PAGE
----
Joe Farace

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Joe Farace Posted: Apr 10, 2012 Published: Mar 01, 2012 0 comments
“Lighting is really common sense and personal observation. This is applied to a few rules of photography which cannot be broken and to others which I tend to bend a little.”—Paul Beeson

A monolight or monobloc to our European friends is a self-contained studio flash that is typically, but not always, powered by an AC power source and allows for different light modification devices, including reflectors, light banks, or umbrellas. The key phrase in that last sentence is self-contained. To my way of thinking the biggest advantage monolights possess is just that—if you’re shooting on location or for that matter anywhere and the power pack in a pack and head system stops working, so do you. If you have a couple of monolights and one of them fails, you can still shoot.

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Joe Farace Posted: Feb 07, 2013 Published: Jan 01, 2013 0 comments
The new year is a good time for a creative rebirth, so instead of trotting out all of those same old New Year’s resolutions why not try something to help you grow as a photographer? A few years ago I created an online gallery called “2011 Photo of the Day,” which was one of the hardest things I ever tried yet at the same time was rewarding because the commitment forced me to make a new image every day, even when I didn’t feel like it. Last October I introduced you to four photographers and their individual approaches to producing a photograph-a-day blog. If you missed it, you can read it on Shutterbug’s website. This year, I resolved to try a photo-a-day project in 2012 using the free Tumblr (www.tumblr.com) platform so there’s no excuse that you can’t do the same thing. If you follow me on Tumblr (http://joefarace.tumblr.com), I’ll follow you back so we can see how each of us does during the year.
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Joe Farace Posted: Oct 11, 2013 Published: Sep 01, 2013 0 comments
Here are a few ABCs of web design to keep in mind when working on your site. A) Add something new each week. This is doubly important for blogs because search engines look for regular activity; the more and regular activity there is, the higher it will move the site in rankings when people look for photographers. B) Bigger is not necessarily better. Large file sizes cause a page to load slowly and, as I mentioned before in this column, the longer it takes, the more likely a person visiting the site will bail. Big file sizes also means it takes longer for a search engine spider to crawl your site. C) Colors should be simple, avoiding a strong graphic or photographic background. What works in print doesn’t always look good on a backlit monitor. A site’s focus should be on your photographs, not its design.<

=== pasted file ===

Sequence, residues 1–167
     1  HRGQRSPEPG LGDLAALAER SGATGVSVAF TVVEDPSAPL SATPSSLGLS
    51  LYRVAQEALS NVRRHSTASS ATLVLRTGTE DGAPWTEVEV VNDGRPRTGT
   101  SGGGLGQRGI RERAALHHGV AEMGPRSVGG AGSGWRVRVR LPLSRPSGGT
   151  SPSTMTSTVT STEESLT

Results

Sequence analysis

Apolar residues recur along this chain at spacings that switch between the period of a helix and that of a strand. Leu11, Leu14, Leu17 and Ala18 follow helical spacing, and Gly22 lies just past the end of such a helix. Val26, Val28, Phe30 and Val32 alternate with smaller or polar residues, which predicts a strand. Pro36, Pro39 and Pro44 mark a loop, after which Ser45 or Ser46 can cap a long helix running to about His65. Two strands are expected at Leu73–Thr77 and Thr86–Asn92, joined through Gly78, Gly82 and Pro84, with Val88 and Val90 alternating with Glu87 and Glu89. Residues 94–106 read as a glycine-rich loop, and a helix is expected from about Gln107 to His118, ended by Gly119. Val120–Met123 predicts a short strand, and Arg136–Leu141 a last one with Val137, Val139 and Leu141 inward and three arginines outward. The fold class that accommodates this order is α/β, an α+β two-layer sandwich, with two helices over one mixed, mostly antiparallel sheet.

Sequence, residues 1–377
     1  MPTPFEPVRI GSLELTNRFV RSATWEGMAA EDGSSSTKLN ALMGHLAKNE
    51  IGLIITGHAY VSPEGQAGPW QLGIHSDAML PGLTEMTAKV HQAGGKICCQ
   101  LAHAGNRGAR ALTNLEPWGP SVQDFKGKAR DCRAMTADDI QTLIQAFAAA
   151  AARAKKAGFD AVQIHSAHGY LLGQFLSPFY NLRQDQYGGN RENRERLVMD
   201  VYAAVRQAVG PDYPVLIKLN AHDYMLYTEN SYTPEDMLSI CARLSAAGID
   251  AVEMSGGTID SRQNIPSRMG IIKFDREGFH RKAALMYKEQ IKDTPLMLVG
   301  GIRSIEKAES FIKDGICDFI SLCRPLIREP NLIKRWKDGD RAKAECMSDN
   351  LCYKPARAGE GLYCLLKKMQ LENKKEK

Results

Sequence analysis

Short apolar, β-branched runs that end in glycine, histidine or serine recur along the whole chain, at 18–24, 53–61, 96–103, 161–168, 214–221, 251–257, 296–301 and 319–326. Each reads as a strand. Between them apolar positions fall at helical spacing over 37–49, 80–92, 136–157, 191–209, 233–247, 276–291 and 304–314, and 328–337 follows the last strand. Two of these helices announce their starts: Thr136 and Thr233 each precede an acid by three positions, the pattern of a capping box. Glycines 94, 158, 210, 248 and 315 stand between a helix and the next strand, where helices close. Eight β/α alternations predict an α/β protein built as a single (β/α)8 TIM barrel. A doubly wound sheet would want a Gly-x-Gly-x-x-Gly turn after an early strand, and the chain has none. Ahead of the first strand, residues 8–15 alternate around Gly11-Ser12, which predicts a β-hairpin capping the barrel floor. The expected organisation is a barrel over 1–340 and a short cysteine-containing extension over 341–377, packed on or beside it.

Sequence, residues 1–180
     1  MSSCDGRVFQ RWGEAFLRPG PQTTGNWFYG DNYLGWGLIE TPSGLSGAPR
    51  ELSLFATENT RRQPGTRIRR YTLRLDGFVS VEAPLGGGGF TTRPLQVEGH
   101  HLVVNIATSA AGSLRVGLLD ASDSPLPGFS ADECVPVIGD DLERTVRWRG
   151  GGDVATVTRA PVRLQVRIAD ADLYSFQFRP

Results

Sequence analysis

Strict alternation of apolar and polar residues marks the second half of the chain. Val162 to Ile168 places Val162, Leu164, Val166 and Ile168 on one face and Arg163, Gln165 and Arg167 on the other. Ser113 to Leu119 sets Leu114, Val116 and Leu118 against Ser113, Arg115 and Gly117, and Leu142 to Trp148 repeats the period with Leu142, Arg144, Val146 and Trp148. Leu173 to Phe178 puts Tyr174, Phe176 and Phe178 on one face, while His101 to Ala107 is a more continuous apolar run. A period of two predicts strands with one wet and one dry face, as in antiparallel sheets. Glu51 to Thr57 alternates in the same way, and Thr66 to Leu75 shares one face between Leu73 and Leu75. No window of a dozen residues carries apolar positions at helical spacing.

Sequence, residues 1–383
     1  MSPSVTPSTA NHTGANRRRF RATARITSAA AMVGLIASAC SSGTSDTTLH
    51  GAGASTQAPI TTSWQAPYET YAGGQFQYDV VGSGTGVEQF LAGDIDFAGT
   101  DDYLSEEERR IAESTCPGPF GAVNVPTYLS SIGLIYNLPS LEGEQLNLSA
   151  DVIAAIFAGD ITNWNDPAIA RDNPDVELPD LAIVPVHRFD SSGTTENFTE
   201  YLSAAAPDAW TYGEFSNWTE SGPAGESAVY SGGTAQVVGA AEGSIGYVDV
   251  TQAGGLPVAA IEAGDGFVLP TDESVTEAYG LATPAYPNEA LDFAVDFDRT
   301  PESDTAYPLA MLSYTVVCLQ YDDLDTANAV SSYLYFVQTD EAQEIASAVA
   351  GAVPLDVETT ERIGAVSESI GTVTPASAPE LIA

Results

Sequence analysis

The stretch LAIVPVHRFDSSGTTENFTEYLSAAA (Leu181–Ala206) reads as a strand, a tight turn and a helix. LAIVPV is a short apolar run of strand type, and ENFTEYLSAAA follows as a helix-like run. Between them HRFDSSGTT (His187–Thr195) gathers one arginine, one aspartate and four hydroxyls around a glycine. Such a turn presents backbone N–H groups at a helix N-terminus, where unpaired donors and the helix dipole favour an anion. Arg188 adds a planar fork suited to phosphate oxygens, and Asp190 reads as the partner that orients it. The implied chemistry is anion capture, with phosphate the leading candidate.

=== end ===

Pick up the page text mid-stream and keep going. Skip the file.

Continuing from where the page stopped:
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Joe Farace Posted: Nov 01, 2010 0 comments

As studio lights have gotten bigger and shoe-mount flashes more sophisticated, on-location photographers increasingly have reached for speedlights to solve lighting problems.

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Joe Farace Posted: Jan 01, 2010 0 comments

“Happiness can be found, even in the darkest of times, if one only remembers to turn on the light.”—Albus Dumbledore in Harry Potter and the Prisoner of Azkaban

Updating to Photoshop CS4 was a rude awakening. I’d put it off because the changes didn’t seem substantial enough but over time I finally realized it was a good idea, at least until I tried to make a...

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Joe Farace Posted: Dec 01, 2008 0 comments

“The night we met I knew I needed you so…”—Ronnie Spector & The Ronettes

If you like having fun with distortion and soft focus you already know about Lensbabies, but did you know that, like the three bears—Cornelius, Alice, and Muffy—there are now three Lensbaby lenses and they are called Composer, Muse, and Control Freak? (I’ll let you figure...

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Joe Farace Posted: Jul 01, 2008 0 comments

"I have lost friends, some by death...others through sheer inability to cross the street."--Virginia Woolf

Robert Waxman Camera in Denver made my first Kodak Photo CD on July 7, 1992. That's a long time ago in digital years, which are a lot like "dog years." Back then Photo CD was a simple, inexpensive way for photographers to...

Joe Farace Posted: Feb 01, 2011 10 comments

When it was launched in October 2007, the E-3 broke new ground. It wasn’t a me-too SLR; it carried the Four Thirds format into new directions that were uniquely Olympus.

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Joe Farace Posted: Apr 01, 2005 Published: Mar 22, 2005 0 comments

Photos © 2004, Joe Farace, All Rights Reserved

The Original Lensbaby is a flexible camera lens that creates an image that has an area of sharp--or not--focus that's surrounded by a graduated blur. This mostly plastic lens is available in different camera mounts and brings the "Holga look" (see What's a Holga Anyway? sidebar) to single...

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Joe Farace Posted: Jul 09, 2013 Published: Jun 01, 2013 1 comments
When creating their mirrorless camera system, Panasonic wisely, I think, chose the Micro Four Thirds format rather than designing an all-new proprietary lens mount. The system includes two dozen or so Lumix lenses, including conversion lenses, along with adapters for Leica R and M mount lenses, Four Thirds digital SLRs, plus the ability to use lenses from Olympus, Sigma, and Tamron. The Micro Four Thirds system is here to stay and the Lumix DMC-G5 seems a perfect way to jump on board.

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